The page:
crumb

[kruhm]

noun

verb (used with object)


Origin of crumb

before 1000; Middle English crome, crume, Old English cruma; akin to Dutch kruim, German Krume crumb, Latin grūmus heap of earth
Related formscrumb·a·ble, adjectivecrumb·er, nounde·crumb, verb (used with object)

Synonyms for crumb

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Examples from the Web for crumb

Contemporary Examples of crumb

Historical Examples of crumb


British Dictionary definitions for crumb

crumb

noun

a small fragment of bread, cake, or other baked foods
a small piece or bitcrumbs of information
the soft inner part of bread
slang a contemptible person

verb

(tr) to prepare or cover (food) with breadcrumbs
to break into small fragments

adjective

(esp of pie crusts) made with a mixture of biscuit crumbs, sugar, etc
Derived Formscrumber, noun

Word Origin for crumb

Old English cruma; related to Middle Dutch krome, Middle High German krūme, Latin grūmus heap of earth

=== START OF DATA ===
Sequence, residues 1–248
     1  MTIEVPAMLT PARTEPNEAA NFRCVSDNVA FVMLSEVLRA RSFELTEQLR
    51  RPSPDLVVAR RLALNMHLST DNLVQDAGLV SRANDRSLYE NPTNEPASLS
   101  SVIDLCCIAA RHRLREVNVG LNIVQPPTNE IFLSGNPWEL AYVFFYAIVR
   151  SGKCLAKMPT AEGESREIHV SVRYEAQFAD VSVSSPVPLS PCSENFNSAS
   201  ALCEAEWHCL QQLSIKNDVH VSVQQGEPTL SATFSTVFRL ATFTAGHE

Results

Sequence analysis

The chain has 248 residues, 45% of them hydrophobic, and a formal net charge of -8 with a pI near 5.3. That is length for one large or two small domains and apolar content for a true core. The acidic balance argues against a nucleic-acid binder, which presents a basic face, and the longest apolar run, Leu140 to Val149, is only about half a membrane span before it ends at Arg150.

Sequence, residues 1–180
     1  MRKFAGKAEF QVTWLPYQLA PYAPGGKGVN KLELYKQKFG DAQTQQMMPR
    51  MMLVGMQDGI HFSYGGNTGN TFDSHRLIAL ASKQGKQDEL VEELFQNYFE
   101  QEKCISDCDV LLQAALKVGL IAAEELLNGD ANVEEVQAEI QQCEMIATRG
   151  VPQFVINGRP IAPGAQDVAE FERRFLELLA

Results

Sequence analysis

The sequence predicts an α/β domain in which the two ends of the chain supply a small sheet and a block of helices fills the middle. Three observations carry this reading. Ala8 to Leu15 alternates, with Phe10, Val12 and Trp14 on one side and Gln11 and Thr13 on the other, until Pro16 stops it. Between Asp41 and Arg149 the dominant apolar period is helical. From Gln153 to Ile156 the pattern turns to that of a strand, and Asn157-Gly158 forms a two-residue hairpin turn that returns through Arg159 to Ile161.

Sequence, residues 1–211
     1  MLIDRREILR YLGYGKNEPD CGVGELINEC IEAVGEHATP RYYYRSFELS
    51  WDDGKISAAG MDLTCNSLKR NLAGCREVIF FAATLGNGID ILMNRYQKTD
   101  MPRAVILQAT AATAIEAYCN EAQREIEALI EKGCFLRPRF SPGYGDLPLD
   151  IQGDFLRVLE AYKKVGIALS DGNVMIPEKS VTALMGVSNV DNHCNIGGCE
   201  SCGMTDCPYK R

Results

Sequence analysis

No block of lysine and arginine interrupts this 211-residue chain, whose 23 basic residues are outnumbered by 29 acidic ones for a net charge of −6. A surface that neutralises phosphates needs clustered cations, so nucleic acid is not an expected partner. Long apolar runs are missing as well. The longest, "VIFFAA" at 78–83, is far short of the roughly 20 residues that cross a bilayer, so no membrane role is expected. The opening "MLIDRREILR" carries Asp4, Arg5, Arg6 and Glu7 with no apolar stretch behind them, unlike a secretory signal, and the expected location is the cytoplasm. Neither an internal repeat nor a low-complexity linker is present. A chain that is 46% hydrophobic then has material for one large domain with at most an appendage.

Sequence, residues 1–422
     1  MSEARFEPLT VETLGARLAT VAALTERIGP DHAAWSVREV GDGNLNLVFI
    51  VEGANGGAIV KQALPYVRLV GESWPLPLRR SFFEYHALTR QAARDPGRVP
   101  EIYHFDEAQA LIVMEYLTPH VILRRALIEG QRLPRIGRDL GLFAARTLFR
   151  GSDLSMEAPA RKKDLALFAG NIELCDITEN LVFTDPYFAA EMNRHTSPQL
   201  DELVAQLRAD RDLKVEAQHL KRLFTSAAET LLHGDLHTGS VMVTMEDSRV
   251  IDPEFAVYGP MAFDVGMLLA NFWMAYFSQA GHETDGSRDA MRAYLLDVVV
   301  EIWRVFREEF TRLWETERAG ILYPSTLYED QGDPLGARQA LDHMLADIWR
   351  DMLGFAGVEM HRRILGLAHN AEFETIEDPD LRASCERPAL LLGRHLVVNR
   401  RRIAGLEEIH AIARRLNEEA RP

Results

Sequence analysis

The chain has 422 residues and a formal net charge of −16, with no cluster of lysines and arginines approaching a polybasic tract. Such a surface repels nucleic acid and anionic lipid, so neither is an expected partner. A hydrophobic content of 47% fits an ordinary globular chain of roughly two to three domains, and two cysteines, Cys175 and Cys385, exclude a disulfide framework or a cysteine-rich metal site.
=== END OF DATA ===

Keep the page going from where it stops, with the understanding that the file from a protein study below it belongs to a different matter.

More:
Collins English Dictionary - Complete & Unabridged 2012 Digital Edition © William Collins Sons & Co. Ltd. 1979, 1986 © HarperCollins Publishers 1998, 2000, 2003, 2005, 2006, 2007, 2009, 2012

Word Origin and History for crumb
n.

Old English cruma "crumb, fragment," from a West Germanic root of obscure origin (cf. Middle Dutch crume, Dutch kruim, German krume). The -b- appeared mid-15c., in part by analogy with words like dumb, in part from crumble. Slang meaning "lousy person" is 1918, from crumb, U.S. slang for "body-louse" (1863), so called from resemblance.

Online Etymology Dictionary, © 2010 Douglas Harper